The Hatfield Brewery

On the walk around Old Hatfield

By Emma Paulus

Picture of the Hatfield Brewery, date unknown
Local Studies Image Collection
The One Bell, owned by the Hatfield Brewery. Date unknown
Local Studies Image Collection
Pryor, Reid and Co transport, the Hatfield Brewery, date unknown
Local Studies Image Collection

Hatfield is known for an abundance of pubs. It was this, combined with good barley crops, that laid the foundation for the prominence of the brewing industry within Hatfield.

The Searancke family

In Medieval England, every inn and large house had its own brewhouse as ale, the traditional English drink, could not travel without going sour. Hopped beer was introduced to Britain in the 14th Century by Flemish or Dutch settlers and the Searancke family were probably Flemish and probably among the first to introduce hopped beer to this part of the world. The history of the Hatfield Brewery is interlinked with the history of the Searancke family as it was the brewery founded by this family that was to become Hatfield’s main industry until 1920.

The growth of an industry

The Searancke family were originally a yeoman family in the early 1500s, living in the Essendon parish. In the 17th Century, they moved over into the Hatfield parish and a branch of this family owned the Chequers Inn, in Fore Street. The Searancke family brewhouse supplied the Chequers Inn, and it was this family brewhouse that grew into the Hatfield Brewery. As other brewhouses began to close, the Searancke one flourished and by the early 1800s, they owned 12 pubs in Hatfield, and more within the surrounding areas.

The development of the Hatfield Brewery made the Searancke family major landowners and employers and by 1780 they owned half the north side of Fore St, the whole of the present Salisbury Square which was the site of the brewery, and more land.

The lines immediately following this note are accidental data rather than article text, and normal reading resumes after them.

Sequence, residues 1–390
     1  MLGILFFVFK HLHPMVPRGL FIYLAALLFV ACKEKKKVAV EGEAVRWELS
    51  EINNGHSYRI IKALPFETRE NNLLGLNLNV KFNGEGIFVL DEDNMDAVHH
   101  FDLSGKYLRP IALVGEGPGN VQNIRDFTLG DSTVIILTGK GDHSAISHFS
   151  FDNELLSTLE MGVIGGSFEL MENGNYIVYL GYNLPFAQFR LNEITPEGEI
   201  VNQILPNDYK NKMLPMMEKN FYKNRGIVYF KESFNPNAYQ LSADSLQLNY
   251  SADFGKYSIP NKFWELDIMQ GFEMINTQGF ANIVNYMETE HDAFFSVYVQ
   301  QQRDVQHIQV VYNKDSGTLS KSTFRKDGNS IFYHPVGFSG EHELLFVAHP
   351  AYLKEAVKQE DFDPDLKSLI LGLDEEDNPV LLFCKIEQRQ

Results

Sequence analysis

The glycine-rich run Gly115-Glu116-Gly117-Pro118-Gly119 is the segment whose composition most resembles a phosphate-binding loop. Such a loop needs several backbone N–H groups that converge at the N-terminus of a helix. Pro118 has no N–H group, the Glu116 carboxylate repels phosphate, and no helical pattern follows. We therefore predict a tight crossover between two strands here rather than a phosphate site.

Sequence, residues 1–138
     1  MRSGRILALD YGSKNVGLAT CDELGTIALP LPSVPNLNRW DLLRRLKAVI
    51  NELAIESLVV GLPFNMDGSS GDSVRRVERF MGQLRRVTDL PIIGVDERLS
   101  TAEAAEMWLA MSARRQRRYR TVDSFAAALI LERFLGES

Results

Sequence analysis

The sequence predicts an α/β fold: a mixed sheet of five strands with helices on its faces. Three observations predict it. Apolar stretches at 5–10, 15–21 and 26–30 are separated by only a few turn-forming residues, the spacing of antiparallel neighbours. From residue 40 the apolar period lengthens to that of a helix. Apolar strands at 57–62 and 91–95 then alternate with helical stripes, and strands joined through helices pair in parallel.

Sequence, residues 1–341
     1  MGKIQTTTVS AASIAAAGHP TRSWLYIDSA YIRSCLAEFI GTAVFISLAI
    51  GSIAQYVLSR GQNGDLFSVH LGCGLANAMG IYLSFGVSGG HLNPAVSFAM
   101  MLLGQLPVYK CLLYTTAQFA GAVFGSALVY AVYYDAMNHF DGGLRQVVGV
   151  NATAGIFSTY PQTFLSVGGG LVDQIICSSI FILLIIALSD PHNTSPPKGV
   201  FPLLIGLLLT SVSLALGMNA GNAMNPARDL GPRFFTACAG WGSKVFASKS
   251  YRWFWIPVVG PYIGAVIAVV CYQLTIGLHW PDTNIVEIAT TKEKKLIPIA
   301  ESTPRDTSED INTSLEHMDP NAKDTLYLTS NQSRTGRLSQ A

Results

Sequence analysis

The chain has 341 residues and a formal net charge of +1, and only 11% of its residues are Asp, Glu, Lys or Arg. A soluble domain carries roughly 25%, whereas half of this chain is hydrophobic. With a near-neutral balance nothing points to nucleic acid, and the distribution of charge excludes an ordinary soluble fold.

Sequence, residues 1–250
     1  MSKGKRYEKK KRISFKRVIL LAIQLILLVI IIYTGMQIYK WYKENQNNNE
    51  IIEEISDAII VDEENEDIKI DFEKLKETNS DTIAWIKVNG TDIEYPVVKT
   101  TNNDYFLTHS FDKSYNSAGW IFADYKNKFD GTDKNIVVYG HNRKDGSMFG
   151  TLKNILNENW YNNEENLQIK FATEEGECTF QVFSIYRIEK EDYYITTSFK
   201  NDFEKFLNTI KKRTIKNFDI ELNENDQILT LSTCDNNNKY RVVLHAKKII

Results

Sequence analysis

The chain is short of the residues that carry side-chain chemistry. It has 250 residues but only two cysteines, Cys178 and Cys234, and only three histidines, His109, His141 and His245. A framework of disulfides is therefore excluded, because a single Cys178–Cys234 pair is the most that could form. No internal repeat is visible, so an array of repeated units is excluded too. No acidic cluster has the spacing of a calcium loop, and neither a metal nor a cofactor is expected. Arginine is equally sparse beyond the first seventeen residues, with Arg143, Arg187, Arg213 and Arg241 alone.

An accident that led to bankrupcy…

In May 1805, the brewery had an accident and a cask containing enough liquid to fill 535 barrels burst, sending a £1,000 river of beer to join the River Lea. Ten years later, Francis Carter Searancke sold his family’s Hatfield holdings which proved to be a shrewd move as his partner, Joseph Biggs, was bankrupt by 1819.

An accident leads to a £1000 river of beer which flowed into the River Lea.

The brewery was bought by Joseph Field and by the time of his death, 1836, it owned 40 pubs and was producing 7,600 barrels annually. In 1836 the brewery was bought by John, Morris and Alfred Pryor, sons of the Baldock brewing family. Alfred later became the sole owner and after his death in 1876 his son Edward bought it for £29,442 and with his brother-in-law Charles Reid, formed Pryor, Reid and Company. They expanded, absorbing neighbouring breweries in Park St, the new Town and further afield.

The end of an era

Hatfield Brewery closed in 1920, causing worries about unemployment in the town as it was such an important provider of jobs. By the time it closed, the brewery owned 98 pubs.

For more information about the Hatfield Brewery click on the link below.

Hatfield Brewery

This page was added on 25/08/2011.

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  • Pryor, Reid & Co caught my eye. I’m almost certain that the Pryors were the long established brewing family originally based in Baldock and Walkern.

    The well known archaeologist Francis Pryor is a present-day descendant of that family. He became nationally known because of his appearances on Channel 4’s Time Team.

    By Robert Oakhill (14/11/2020)